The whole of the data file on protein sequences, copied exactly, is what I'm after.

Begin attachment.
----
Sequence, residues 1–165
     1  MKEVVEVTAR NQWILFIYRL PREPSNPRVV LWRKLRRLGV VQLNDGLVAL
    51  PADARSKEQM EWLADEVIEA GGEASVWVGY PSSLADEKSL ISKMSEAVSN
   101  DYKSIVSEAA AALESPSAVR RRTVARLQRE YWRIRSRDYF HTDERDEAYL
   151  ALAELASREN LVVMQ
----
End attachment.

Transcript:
Sequence, residues 1–165
     1  MKEVVEVTAR NQWILFIYRL PREPSNPRVV LWRKLRRLGV VQLNDGLVAL
    51  PADARSKEQM EWLADEVIEA GGEASVWVGY PSSLADEKSL ISKMSEAVSN
   101  DYKSIVSEAA AALESPSAVR RRTVARLQRE YWRIRSRDYF HTDERDEAYL
   151  ALAELASREN LVVMQ